Joint pain – now there’s a huge topic. In the words that follow I shall be saying the word arthritis quite a lot! The most common form is osteoarthritis (where a minor injury can spark off a healing process, which leads to fluid, more bone growth, degeneration of cartilage and some nerve endings that won’t behave). Then there’s rheumatoid arthritis (here the immune system affects the joints causing pain and swelling) – this, together with gout, are two examples of inflammatory arthritis.
What steps can we take? Here’s two things which need careful watching. Smoking affects the density of bones and alcohol can stimulate production of uric acid crystals which make gout so painful. Of course it’s a no-brainer that keeping our weight down is also going to put much less pressure on joints but minimising certain foods can also help alleviate the condition. You’re all going to roll your eyes, because they’re our old friends – sugar, red meat, processed foods and refined carbohydrates. I can almost feel your shoulders slump forward in despair. Look, eating purer and …forgive this word…’cleaner’ is always going to be better for our health. Always. Swap the rubbish sugar snacks for nuts, the good fat in those will be a real tonic for the joints.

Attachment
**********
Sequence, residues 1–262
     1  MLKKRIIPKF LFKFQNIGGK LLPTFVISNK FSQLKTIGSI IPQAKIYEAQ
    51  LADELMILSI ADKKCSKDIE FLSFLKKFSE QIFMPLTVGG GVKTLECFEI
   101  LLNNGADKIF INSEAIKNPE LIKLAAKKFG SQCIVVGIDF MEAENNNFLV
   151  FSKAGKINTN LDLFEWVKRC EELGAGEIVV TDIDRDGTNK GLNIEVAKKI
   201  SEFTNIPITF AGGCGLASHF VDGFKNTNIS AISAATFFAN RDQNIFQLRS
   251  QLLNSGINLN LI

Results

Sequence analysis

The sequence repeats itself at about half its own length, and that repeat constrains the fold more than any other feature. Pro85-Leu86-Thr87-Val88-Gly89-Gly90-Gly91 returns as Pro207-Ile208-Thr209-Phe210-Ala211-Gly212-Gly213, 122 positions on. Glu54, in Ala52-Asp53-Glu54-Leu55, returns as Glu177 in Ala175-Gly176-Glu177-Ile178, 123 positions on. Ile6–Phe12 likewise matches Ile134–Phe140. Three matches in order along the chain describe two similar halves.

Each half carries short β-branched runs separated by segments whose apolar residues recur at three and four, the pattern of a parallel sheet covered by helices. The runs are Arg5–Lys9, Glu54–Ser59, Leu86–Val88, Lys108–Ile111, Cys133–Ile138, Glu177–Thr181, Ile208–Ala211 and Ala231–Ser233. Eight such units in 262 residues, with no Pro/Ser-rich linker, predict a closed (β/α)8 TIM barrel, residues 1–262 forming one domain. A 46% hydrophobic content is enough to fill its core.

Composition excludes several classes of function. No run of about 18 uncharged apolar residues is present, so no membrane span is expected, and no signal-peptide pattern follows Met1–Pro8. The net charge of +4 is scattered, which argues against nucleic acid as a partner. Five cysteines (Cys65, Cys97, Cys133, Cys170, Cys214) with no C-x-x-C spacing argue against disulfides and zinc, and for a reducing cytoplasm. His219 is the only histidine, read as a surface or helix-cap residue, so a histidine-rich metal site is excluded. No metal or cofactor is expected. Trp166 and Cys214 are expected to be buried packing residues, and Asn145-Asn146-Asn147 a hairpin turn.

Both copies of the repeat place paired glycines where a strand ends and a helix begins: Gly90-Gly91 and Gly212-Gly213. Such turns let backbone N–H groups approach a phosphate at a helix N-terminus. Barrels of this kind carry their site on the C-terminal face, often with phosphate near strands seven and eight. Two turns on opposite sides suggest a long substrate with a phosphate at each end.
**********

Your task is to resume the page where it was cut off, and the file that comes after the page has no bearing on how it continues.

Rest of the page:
Likewise oily fish and olive oil (not a low-calorie spray, Lord knows what’s lurking in that) will boost skin quality and joints. These are essential fats and are just that. Essential. Add to that plenty of green vegetables, lots of pulses and wholegrains and you’ll be giving yourself the best chance of avoiding, or at least managing as pain-free as possible, the whole arthritis business. There is some hearsay that the nightshade family of vegetables (tomatoes, potatoes, aubergines and peppers) can aggravate joint pain but there is very little documented evidence, with the exception of tomatoes. These seemingly may increase uric acid production. It’s best to experiment and find out for yourself.
I haven’t said one word about exercise have I? Well of course, that’s top of the prescription. Resistance training will strengthen tendons and ligaments as well as muscles so aim for 2 sessions per week. Stretching is also important (just google gentle yoga and see what free workouts come up!) and walking with poles is also of huge value to your mobility, strength and cv fitness.
(originally written by Annie for Woman magazine October 2022).
Photo courtesy of John Hopkins Medicine